Johns Hopkins University research on CBD
Updated: Feb 11
Celebrated for its purported therapeutic effects and legal when derived from hemp—a form of the cannabis plant—CBD can be found in shampoos, hand lotions, skin creams, and even dog treats. Far-reaching medical claims tout its success at treating various conditions such as anxiety, acne, insomnia, addiction, inflammation, and Parkinson's disease.
But such assertions often go far beyond what science has shown, according to cannabis researcher Ryan Vandrey, an associate professor of psychiatry and behavioral sciences at the Johns Hopkins University School of Medicine. He and other researchers are working to understand the effects of the compound and what conditions it might actually help. He recently spoke with Dome about his research and his concerns about the growing CBD market.
"We found that among individuals with a variety of health problems such as epilepsy, chronic pain, autism, anxiety, and other serious health conditions, those who were using a cannabis product—people predominantly used CBD products—reported a better quality of life and satisfaction with health, pain, sleep, and mood compared with those who were not using cannabis products. When those who were not using cannabis at the time of our first survey later started using cannabis, they showed improvements in those same health measures that mirrored the differences between cannabis users and nonusers in the beginning"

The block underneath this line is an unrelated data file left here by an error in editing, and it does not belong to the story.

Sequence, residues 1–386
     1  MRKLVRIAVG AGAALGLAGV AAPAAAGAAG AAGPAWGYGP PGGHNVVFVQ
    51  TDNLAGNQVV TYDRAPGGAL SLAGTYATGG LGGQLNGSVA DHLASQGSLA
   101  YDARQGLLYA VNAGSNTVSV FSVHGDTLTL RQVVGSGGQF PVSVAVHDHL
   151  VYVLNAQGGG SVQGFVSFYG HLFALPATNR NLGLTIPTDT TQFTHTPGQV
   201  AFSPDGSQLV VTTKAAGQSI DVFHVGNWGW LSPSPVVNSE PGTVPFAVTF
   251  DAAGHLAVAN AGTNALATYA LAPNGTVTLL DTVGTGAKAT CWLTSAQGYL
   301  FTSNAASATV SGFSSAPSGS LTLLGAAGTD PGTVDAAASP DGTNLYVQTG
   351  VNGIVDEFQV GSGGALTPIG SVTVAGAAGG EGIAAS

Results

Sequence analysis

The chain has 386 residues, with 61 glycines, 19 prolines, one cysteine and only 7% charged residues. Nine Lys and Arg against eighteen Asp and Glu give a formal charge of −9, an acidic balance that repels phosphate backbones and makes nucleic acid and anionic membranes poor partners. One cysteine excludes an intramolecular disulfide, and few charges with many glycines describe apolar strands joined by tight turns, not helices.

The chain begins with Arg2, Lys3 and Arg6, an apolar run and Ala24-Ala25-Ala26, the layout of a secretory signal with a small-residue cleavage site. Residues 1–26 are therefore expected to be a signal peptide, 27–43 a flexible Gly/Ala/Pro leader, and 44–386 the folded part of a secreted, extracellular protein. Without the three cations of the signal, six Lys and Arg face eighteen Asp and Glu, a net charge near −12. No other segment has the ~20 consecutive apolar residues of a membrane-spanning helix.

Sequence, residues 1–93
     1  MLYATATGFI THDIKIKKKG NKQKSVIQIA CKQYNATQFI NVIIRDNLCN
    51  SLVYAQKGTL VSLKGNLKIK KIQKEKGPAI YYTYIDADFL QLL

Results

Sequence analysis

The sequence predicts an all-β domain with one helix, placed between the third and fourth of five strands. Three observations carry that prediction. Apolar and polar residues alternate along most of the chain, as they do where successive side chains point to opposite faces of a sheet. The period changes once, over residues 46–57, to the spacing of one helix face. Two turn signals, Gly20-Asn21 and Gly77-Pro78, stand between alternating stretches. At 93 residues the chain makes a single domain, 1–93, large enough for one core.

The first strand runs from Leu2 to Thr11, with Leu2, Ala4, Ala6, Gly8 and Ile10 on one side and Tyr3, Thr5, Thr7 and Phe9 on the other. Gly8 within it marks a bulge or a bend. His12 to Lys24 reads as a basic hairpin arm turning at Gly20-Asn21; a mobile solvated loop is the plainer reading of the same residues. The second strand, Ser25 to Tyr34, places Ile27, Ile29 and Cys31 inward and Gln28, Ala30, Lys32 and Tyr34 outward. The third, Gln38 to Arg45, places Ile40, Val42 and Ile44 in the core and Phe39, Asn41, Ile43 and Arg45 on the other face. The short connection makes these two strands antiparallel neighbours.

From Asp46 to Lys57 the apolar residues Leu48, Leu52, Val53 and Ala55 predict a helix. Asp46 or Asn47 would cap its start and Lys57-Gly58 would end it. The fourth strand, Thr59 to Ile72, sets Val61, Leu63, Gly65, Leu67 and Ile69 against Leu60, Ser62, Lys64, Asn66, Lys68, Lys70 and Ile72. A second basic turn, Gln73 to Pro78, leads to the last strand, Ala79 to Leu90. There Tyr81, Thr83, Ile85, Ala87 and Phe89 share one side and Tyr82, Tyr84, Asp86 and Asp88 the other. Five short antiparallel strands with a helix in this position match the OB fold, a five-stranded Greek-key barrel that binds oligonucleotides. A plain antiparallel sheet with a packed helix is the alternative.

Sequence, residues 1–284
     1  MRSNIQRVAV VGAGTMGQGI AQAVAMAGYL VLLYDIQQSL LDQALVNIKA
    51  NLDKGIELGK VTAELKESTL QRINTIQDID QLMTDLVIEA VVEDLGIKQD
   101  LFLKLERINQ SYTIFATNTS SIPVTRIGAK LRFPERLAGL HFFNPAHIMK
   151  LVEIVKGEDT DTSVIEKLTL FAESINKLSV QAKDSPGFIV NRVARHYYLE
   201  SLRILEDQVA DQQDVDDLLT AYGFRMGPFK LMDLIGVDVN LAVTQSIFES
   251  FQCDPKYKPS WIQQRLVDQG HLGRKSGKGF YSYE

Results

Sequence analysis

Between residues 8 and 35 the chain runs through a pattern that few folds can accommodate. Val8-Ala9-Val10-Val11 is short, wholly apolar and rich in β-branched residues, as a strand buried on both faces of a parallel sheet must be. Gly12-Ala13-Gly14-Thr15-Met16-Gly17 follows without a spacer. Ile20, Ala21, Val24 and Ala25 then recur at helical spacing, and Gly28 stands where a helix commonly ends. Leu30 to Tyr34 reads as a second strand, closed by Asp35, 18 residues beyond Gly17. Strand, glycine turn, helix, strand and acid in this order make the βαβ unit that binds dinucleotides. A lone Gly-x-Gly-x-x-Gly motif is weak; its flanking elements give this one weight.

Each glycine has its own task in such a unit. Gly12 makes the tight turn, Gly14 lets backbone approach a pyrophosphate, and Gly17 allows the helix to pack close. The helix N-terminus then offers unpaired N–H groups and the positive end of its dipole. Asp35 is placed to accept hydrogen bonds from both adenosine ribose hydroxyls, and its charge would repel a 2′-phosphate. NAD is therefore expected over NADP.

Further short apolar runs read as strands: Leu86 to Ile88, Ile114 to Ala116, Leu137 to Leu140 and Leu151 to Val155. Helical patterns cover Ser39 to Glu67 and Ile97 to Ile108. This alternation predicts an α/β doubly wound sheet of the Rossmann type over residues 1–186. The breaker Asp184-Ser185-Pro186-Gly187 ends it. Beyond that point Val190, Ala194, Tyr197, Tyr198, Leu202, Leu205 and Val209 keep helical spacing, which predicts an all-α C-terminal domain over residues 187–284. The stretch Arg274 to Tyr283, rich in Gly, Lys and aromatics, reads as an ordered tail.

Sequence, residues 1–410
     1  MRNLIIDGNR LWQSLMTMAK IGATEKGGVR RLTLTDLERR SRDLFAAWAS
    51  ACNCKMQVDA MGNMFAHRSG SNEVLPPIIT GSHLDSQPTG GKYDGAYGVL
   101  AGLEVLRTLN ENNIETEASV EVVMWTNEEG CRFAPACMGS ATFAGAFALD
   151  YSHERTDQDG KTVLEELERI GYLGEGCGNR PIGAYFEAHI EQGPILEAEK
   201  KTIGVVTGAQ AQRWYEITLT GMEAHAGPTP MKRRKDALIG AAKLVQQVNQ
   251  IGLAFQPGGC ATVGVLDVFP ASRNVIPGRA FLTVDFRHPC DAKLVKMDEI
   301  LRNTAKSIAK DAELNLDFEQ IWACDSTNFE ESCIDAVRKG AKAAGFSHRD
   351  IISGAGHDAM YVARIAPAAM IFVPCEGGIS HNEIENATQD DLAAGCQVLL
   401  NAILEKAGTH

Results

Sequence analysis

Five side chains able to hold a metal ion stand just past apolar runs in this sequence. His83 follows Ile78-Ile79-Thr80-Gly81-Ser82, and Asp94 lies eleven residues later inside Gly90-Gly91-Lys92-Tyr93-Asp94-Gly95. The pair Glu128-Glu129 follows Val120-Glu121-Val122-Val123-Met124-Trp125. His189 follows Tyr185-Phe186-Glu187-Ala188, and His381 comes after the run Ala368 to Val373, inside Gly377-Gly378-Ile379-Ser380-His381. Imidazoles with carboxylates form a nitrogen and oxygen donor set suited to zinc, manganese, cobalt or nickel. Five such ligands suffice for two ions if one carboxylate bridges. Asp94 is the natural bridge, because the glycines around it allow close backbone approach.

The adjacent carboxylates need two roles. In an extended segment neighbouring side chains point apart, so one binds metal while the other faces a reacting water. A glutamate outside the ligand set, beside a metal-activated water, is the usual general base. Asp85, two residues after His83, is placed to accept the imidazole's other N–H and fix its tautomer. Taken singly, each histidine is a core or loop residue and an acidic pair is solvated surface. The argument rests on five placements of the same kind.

Does CBD get you high? What does the research say?
CBD doesn't make you high. THC, another chemical component of cannabis, drives most of the effects we typically associate with the drug, such as the subjective "high." There's this perception that CBD is not psychoactive, but I think that's inaccurate. Research from our lab and others shows that CBD can produce subjective drug effects. CBD drug effects are different from THC and do not seem to produce intoxicating effects where performance or cognition is impaired. While that's not a bad thing, impacting mood and behavior is a psychoactive drug effect. For example, caffeine is a psychoactive drug because it affects brain function and mood.